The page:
By Benjamin Shorter

Fiddlehead ferns can refer to a number of young, unfurled ferns, but ostrich ferns (Matteuccia struthiopteris) are the variety of ferns harvested and eaten. As part of a landscape design, however, ostrich ferns, hardy in U.S. Department of Agriculture zones 3 through 7, make for a pleasing green backdrop for perennial plants. Before picking fiddleheads in the wild, ensure you have permission to do so -- that the ferns are not on private property and are not growing in a protected area, such as a nature preserve. Eat fiddleheads only in small quantities.

Fresh fiddlehead fern buds (tête de violons)
credit: MarcQuebec/iStock/Getty Images
fiddlehead fern buds on a cutting board.

Identifying Fiddlehead Ferns

Although other ferns such as the lady fern (Athyrium filix-femina; USDA zones 3 through 9) and the bracken fern (Pteridium aquilinum; USDA zones 3 through 11) can also be harvested and eaten, only ostrich ferns produce true fiddlehead ferns.

Identify young ostrich ferns shoots by the U-shaped groove on the interior of the stalk and the papery brown covering at the curled portion of the fern. Ostrich ferns grow at least 6 feet high, while lady ferns and bracken ferns reach no more than 1 to 3 feet high. Ostrich ferns have five to nine fronds that grow in a rosette shape, creating a funnel.

Finding and Growing Fiddleheads

Although you can grow ostrich ferns for fiddleheads, some people forage for these ferns, going out in early spring to look for the young, green shoots. Ostrich ferns grow in groups of three to 12 fronds -- or fiddleheads when young -- and thrive in shady, cool environments. Look for them from late April to early June along streams, brooks and rivers.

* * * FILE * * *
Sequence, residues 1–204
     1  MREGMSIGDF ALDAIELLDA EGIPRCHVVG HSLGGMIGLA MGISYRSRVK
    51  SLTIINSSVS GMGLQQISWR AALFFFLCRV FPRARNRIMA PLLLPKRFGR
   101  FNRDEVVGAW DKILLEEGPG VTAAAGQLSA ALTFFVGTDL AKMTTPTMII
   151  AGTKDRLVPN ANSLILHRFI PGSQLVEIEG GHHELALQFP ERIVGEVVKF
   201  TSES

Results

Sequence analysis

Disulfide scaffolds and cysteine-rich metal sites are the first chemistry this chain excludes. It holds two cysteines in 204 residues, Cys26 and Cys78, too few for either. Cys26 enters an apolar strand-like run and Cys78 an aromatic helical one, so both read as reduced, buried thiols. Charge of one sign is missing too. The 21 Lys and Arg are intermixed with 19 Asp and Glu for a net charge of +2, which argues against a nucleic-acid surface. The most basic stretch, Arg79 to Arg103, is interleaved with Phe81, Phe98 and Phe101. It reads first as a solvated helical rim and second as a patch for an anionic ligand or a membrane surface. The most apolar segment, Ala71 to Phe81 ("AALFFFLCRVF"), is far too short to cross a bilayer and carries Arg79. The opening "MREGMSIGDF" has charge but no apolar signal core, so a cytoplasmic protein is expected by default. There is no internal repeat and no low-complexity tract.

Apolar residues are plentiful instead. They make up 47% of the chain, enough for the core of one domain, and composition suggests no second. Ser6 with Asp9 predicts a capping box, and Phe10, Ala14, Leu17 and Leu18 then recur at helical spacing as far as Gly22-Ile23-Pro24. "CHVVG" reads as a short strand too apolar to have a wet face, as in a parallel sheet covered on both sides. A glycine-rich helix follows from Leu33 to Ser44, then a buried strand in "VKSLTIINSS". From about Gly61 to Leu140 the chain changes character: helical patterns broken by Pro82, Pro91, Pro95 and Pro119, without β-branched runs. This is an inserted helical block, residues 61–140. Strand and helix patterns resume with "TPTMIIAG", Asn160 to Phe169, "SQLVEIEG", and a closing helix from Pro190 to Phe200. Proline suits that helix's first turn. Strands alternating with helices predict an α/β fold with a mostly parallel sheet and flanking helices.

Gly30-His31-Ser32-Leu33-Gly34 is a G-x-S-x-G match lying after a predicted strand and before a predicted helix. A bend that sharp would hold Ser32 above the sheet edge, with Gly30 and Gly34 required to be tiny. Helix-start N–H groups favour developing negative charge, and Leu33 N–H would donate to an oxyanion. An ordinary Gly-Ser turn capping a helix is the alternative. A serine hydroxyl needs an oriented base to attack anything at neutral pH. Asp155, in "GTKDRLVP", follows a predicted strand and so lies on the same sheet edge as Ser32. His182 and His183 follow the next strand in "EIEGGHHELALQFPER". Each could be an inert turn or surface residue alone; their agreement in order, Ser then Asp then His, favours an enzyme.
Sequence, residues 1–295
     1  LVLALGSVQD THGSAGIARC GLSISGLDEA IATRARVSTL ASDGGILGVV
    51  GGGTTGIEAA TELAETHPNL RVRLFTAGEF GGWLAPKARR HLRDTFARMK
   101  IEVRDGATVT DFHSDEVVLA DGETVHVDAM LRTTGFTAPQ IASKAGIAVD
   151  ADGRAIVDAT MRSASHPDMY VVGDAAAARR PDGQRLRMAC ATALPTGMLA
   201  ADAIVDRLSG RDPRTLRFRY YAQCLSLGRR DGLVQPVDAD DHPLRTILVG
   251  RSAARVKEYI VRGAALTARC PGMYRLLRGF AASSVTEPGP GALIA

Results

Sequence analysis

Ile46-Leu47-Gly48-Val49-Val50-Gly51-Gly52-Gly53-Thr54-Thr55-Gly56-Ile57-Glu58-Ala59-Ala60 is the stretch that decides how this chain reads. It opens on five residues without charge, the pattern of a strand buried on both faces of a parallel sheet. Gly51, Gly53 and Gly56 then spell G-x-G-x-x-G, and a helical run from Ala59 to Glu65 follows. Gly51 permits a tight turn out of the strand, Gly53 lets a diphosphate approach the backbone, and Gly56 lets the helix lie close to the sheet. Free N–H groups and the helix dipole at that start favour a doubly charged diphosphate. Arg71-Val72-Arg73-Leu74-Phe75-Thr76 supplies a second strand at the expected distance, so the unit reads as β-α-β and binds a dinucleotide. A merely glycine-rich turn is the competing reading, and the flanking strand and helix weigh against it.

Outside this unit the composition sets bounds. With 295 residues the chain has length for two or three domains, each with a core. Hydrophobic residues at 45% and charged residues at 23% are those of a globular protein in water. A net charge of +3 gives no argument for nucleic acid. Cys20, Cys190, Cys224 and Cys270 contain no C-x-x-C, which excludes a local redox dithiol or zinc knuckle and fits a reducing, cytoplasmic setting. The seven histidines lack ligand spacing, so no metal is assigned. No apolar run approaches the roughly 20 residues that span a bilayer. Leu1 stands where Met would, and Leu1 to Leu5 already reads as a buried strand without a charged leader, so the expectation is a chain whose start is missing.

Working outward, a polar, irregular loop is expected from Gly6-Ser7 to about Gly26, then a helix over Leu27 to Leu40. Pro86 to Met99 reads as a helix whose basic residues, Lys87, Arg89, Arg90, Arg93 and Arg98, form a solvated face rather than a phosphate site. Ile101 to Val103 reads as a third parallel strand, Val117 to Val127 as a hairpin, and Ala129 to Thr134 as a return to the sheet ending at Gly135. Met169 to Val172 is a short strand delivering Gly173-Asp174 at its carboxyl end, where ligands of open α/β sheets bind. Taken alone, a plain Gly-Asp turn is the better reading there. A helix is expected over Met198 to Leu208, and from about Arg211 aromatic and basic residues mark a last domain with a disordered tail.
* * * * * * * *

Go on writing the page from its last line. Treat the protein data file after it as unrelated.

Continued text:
Home-grown ostrich ferns ensure an easy-to-find harvest each spring. Situate the ferns in an area that receives dappled sunlight and is consistently damp and moist. Ostrich ferns grow best in protected areas that do not receive much wind and have rich, moist soil. Start ferns in containers and space them 18 to 24 inches apart. Before planting, mix in compost, in a ratio of roughly 1 to 3 parts compost to soil, to a depth of 2 feet. Do not fertilize ferns, and water regularly, several times a week, to ensure the soil stays consistently damp when touched.

Harvesting Fiddleheads

Harvest fiddleheads for eating when they are still very young -- when they grow to 1 to 2 inches above ground. As they mature, the ferns become bitter and fully mature ostrich ferns -- unfurled -- should not be eaten. Harvest ostrich ferns until they grow more than 20 inches high, although the bigger they are, the more pronounced their taste becomes.

Cut the ferns at the base of the plant, near where the U-shaped stalk hits the ground. Sterilize cutting tools -- knife or scissors -- beforehand, and wear gloves if necessary to protect fingers from accidental scrapes. The stems of younger ferns can sometimes also be broken by hand. Harvest no more than two-thirds of the fiddleheads from a plant.

Cleaning and Storage

Rinse fiddleheads in cold water to clean them, spraying and soaking to loosen the papery brown coating. Gently rub the fiddleheads to remove the papery coating. Rinse off any dirt caught in the U-shaped groove. Store fiddleheads in the refrigerator, in a plastic bag, for up to two weeks after harvest. You may also blanche and freeze cleaned fiddleheads for future use. All fiddleheads must be steamed or boiled before eating. For sauteed or stir-fried fiddleheads, steam or boil the ferns first.